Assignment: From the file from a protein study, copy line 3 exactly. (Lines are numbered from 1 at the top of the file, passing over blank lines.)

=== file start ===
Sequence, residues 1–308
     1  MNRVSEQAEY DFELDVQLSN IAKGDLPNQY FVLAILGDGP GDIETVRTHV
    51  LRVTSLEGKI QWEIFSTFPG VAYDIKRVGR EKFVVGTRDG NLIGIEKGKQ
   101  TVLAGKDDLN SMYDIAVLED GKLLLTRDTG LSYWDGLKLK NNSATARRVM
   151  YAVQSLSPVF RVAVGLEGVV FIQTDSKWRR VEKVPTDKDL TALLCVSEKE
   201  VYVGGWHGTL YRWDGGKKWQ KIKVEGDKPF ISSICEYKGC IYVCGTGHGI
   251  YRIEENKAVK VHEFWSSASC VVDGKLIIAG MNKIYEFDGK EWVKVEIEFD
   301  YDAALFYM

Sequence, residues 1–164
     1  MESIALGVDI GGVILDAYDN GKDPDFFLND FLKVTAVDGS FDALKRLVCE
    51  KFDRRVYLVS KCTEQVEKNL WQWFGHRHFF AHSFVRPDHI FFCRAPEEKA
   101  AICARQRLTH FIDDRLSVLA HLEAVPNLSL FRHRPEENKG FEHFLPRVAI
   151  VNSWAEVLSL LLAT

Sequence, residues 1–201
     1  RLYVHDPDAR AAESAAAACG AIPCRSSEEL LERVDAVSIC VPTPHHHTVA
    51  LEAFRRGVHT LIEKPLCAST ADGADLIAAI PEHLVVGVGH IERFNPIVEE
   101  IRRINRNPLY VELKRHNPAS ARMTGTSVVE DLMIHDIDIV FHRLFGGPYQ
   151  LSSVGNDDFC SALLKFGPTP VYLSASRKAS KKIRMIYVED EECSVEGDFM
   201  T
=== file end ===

    51  LRVTSLEGKI QWEIFSTFPG VAYDIKRVGR EKFVVGTRDG NLIGIEKGKQ